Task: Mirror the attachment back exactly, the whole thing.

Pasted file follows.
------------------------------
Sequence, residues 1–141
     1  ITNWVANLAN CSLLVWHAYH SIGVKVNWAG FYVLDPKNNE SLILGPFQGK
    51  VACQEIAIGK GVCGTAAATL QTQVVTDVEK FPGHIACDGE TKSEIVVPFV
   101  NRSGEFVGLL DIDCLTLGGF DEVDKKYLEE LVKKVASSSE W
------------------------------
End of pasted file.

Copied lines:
Sequence, residues 1–141
     1  ITNWVANLAN CSLLVWHAYH SIGVKVNWAG FYVLDPKNNE SLILGPFQGK
    51  VACQEIAIGK GVCGTAAATL QTQVVTDVEK FPGHIACDGE TKSEIVVPFV
   101  NRSGEFVGLL DIDCLTLGGF DEVDKKYLEE LVKKVASSSE W